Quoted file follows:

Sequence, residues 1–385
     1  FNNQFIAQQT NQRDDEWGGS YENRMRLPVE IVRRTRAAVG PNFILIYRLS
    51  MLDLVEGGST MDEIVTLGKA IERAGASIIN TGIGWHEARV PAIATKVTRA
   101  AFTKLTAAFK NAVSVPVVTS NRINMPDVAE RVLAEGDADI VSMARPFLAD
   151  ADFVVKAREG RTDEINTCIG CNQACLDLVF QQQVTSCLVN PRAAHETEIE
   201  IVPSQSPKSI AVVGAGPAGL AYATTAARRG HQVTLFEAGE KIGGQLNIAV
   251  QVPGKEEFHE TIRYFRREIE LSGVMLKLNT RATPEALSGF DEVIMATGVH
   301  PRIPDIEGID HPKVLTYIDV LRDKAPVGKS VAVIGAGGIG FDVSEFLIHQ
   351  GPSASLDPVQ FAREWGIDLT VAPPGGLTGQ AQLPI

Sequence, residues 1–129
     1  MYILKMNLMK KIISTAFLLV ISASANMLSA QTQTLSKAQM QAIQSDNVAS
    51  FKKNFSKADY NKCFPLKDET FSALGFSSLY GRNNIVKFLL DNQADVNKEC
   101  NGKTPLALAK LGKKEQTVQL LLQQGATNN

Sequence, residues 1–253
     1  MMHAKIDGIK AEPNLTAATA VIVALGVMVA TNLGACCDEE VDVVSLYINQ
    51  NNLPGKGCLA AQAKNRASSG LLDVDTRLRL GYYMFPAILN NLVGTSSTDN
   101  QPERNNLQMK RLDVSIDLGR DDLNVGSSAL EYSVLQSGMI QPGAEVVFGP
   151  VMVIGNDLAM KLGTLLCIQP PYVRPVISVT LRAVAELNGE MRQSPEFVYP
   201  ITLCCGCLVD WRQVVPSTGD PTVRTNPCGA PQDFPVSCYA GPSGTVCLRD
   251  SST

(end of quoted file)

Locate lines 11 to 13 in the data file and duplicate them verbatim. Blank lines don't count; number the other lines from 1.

     1  MYILKMNLMK KIISTAFLLV ISASANMLSA QTQTLSKAQM QAIQSDNVAS
    51  FKKNFSKADY NKCFPLKDET FSALGFSSLY GRNNIVKFLL DNQADVNKEC
   101  NGKTPLALAK LGKKEQTVQL LLQQGATNN